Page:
One of the worst things about being single are the comments that come your way from well-meaning friends, relatives, and acquaintances. My favorite (by which I mean my least favorite) is the question, “Why are you single?” Sometimes I am tempted to pull a Bridget Jones and pretend to have a skin malady of hidden green scales. One time I sarcastically responded, “I don’t know. Why don’t you tell me why you think I’m single?” I was met with uncomfortable silence. There is simply no good answer. If there were a specific obstacle keeping me single, I would do my best to remove it. And anyway, that question just highlights the fact that I am alone, with an unpleasant undertone of “and that’s not okay.”
Knowing my abhorrence of this trend, imagine my delight when in chapter seven of The Meaning of Marriage, Tim Keller lists four common Christian explanations of singleness….and a sassy retort.
- “As soon as you’re satisfied with God alone, he’ll bring someone special into your life” –as though God’s blessings are ever earned by our contentment.
- “You’re too picky” —as though God is frustrated by our fickle whims and needs broader parameters in which to work.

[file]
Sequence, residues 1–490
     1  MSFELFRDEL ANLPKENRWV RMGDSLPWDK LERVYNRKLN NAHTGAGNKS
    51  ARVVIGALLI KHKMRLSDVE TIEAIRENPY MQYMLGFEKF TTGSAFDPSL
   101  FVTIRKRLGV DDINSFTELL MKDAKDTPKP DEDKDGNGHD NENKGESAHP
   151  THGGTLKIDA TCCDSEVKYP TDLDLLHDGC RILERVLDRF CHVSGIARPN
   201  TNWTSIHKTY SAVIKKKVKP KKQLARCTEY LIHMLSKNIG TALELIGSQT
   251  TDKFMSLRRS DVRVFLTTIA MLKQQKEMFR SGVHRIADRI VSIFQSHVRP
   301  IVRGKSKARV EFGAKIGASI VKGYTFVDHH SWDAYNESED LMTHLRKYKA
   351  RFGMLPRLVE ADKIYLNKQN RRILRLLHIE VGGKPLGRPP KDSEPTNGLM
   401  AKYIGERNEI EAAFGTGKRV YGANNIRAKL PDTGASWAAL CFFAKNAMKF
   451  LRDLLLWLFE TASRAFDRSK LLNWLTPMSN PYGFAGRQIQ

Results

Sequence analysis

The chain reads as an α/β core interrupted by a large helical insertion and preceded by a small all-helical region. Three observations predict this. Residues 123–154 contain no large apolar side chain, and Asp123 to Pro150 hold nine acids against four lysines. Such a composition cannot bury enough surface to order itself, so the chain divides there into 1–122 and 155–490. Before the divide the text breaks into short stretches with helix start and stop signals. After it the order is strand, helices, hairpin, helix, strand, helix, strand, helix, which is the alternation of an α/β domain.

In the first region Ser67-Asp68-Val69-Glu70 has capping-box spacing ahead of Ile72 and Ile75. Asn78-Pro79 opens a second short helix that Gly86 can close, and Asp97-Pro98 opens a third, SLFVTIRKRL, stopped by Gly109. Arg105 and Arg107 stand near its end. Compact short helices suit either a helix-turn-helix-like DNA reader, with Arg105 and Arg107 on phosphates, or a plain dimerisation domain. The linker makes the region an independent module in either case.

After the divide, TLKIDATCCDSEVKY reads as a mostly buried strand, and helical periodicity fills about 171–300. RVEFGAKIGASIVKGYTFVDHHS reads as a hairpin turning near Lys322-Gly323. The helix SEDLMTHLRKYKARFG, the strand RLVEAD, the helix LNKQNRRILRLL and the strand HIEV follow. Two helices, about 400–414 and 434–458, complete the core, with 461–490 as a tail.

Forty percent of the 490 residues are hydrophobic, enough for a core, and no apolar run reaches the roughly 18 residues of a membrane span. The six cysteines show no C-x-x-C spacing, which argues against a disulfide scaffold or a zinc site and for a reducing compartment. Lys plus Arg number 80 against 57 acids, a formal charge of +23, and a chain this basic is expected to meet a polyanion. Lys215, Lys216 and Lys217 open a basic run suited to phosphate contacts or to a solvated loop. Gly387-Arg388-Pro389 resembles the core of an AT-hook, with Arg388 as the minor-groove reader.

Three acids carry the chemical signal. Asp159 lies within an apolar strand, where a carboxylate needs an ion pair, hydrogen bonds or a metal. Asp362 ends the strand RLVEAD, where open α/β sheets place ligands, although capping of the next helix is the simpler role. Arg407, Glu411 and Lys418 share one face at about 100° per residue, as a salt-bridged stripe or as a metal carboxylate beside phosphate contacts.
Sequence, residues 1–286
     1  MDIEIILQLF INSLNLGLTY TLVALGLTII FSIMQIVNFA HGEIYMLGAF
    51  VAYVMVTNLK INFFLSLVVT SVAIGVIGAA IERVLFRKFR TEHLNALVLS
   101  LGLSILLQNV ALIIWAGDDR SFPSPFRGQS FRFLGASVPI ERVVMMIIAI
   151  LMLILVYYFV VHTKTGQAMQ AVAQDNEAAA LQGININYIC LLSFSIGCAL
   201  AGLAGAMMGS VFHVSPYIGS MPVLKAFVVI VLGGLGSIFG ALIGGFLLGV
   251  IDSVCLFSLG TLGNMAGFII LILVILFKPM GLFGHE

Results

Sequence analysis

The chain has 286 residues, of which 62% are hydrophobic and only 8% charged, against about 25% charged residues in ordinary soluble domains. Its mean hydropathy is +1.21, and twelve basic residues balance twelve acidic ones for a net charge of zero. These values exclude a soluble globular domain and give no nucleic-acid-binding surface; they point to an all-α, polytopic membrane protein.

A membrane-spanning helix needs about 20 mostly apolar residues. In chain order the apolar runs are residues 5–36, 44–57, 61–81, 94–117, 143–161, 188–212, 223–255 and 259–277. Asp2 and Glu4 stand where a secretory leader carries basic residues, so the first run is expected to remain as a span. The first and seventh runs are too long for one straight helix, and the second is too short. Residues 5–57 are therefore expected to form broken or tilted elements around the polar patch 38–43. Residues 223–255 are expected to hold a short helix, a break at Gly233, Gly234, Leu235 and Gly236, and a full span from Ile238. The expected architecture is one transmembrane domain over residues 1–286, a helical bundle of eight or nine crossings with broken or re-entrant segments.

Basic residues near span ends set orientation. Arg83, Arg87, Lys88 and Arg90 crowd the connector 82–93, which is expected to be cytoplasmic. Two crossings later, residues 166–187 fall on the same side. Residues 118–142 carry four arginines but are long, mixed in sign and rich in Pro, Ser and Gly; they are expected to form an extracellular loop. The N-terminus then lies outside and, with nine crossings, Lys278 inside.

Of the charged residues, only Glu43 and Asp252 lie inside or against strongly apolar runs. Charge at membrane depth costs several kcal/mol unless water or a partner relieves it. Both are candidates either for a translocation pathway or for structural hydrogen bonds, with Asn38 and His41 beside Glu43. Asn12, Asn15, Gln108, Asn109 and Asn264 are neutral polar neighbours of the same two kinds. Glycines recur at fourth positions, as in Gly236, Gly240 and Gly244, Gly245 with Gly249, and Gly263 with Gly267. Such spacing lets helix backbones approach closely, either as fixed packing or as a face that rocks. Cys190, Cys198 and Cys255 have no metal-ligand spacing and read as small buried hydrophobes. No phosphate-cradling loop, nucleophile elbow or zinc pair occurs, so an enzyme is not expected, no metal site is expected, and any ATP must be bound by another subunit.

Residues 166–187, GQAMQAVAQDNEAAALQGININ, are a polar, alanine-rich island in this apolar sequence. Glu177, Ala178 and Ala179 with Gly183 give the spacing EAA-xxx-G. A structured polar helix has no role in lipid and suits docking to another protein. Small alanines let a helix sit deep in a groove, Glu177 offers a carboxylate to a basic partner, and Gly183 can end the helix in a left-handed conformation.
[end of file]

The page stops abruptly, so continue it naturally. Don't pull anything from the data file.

- “As a single you can commit yourself wholeheartedly to the Lord’s work” –as though God requires emotional martyrs to do his work, of which marriage must be no part.
- “Before you can marry someone wonderful, the Lord has to make you someone wonderful” –as though God grants marriage as a second blessing to the satisfactorily sanctified.
I love Tim Keller, but never before or since have I so dramatically screamed in agreement to something he wrote. Being single means feeling alone, not only because of a lack of a romantic relationship, but because the Church often ignores or belittles us. It feels amazing to have such a theological heavyweight at my back. I hope his words are equally encouraging to other singles reading this, and a reminder to everyone to watch our words. Well-meaning platitudes can be damaging.
If you find yourself talking to a single man or woman, instead of offering advice or asking mildly insulting questions, try this one instead: “What is being single like for you?”